Thursday, May 3, 2018

How to Take a Soil Sample

It looks like (fingers crossed) spring is here to stay!
With so much activity going on in the garden,
it's a great time to do some soil testing.
This is something I've heard about for years,
but never took the time to get it done.
Having been in our home less than a year,
it seemed like the perfect time to start fresh
and see what the soil around our property needs
for better results in our flower and veggie beds and in the turf grass.

Everything you need to take the sample(s) 
can be collected at your local cooperative extension office.
You can find your local extension office by searching on your county's web page.
Here is our local extension office page.
These boxes can be acquired for the asking, 
and are the containers in which you will place your sample(s).

Directions can be found right on the box!
There is a side panel that needs to be filled out with your name
and contact information,
so that the results can be relayed to you via email.
Each separate area requires a different box.

You'll also need to fill out  a sheet similar to this one. 
This is the front and back of the form,
so you can see what it looks like.
Don't let all the text intimidate you,
it's fairly easy to fill out.
And if you're not sure you are doing it correctly,
just call your local extension agent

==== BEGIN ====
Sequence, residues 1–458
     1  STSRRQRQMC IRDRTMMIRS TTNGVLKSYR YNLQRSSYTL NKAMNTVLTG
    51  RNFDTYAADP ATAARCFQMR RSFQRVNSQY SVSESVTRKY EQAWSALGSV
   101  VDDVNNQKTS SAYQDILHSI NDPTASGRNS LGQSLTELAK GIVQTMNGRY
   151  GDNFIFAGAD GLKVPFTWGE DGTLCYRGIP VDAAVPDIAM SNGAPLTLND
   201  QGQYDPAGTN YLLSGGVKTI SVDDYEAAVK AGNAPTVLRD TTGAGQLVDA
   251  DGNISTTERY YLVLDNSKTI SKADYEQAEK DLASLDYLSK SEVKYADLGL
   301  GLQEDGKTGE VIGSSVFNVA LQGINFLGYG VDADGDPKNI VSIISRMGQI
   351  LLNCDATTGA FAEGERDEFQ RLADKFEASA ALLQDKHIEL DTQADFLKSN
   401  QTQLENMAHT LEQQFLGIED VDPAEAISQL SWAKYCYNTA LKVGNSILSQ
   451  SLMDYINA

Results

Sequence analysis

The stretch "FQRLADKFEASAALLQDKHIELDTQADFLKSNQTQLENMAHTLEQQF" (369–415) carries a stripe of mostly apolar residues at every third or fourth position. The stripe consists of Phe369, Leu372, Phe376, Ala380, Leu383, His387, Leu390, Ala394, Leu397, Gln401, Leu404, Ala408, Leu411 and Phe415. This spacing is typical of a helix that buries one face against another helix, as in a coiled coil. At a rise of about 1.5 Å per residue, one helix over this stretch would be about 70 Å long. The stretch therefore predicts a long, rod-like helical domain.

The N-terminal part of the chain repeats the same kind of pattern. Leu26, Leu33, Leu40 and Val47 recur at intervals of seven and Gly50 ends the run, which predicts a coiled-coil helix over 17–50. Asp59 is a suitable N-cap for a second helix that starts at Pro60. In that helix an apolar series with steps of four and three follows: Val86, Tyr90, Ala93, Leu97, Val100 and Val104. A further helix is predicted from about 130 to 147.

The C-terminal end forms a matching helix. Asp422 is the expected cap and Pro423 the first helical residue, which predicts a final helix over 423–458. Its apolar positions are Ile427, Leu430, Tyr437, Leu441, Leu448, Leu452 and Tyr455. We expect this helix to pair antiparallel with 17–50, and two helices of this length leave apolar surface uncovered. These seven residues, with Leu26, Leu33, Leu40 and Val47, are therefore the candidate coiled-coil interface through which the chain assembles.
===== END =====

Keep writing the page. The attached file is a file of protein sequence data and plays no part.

and they can walk you through the process.

 The information sheet (that gets handed in with your sample(s),
contains things like your contact information,
what type of samples were taken (flower beds, veggies beds, lawn)
and your local extension information should already  be pre-printed on the page.
Crop codes for the type of samples can be found on the back page.
This simply helps determine what kind of crop is in this location. 
Blueberries, veggies, and roses all need different conditions, 
so it's important to make the distinction.
"Sample identification" is a self-determined abbreviation for the area being sampled.
For example, for my flower beds, I used the code FLBED.
I completed samples for our lawn, a future veggie bed,
flower beds, the back wooded area of our property,
and the SW portion of our driveway
so I included my own abbreviation for each area.

 The Extension Center is all about supporting the gardener.
They can provide you with printed material to make the process easier.
Information can also be found online on their website.

 Here's how I completed my soil sample.
I chose a day when it hadn't rained in a while,
because I wanted the "plugs" I removed to be easily mixed.
The idea is to take 10-15 core samples, from 4-6 inches in depth within one area,
and mix them together in a clean container to incorporate a fair sample of that spot.

Once you have blended your "plugs", place the mixture into the designated box,
and fill up to the pre-determined line.

Once you have all of your samples ready to go,
simply take them into your local extension office with your information sheet
and wait for your results in your email  box.
At this time of the year,
soil testing is done free of charge.
Once you get your results back, 
you can determine what amendments might need to be added
to improve your soil for the next growing season.
Testing can be done every few years
and each time it is undertaken, it improves your soil
and brings you that much closer to  
soil nirvana.

I'm looking forward to getting the results for our samples.
There are so many gardening projects that I have bouncing around in my head,
and this is the first step to bringing them to fruition.

Have you done soil sampling in your garden?

find it here

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